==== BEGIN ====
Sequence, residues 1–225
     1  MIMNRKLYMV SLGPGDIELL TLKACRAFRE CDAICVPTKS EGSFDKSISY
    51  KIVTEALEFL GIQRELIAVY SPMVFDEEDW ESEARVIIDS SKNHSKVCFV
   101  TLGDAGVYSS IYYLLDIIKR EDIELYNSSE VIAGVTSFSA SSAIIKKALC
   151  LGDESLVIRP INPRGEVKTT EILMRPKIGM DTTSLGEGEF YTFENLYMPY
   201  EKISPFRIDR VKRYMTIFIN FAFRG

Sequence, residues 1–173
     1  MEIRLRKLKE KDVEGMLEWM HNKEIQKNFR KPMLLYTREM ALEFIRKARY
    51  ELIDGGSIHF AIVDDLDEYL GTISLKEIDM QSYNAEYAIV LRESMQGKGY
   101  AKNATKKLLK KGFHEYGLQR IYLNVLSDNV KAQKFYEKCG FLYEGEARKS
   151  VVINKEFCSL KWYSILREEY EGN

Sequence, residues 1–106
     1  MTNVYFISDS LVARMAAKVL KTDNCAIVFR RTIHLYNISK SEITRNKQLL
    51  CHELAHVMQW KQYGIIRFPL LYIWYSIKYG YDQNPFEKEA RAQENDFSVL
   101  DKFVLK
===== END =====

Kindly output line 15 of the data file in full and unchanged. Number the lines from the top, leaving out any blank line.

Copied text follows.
   101  DKFVLK